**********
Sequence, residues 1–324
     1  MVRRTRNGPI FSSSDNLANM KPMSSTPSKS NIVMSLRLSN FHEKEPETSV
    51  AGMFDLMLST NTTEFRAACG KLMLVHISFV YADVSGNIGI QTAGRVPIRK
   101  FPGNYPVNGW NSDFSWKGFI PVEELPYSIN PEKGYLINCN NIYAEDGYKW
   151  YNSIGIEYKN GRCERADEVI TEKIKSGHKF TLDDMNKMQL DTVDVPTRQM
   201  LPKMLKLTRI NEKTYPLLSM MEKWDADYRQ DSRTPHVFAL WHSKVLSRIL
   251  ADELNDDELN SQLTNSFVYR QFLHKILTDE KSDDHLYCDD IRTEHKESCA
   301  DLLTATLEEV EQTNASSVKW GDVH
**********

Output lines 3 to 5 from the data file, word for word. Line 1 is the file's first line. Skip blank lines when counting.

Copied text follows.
    51  AGMFDLMLST NTTEFRAACG KLMLVHISFV YADVSGNIGI QTAGRVPIRK
   101  FPGNYPVNGW NSDFSWKGFI PVEELPYSIN PEKGYLINCN NIYAEDGYKW
   151  YNSIGIEYKN GRCERADEVI TEKIKSGHKF TLDDMNKMQL DTVDVPTRQM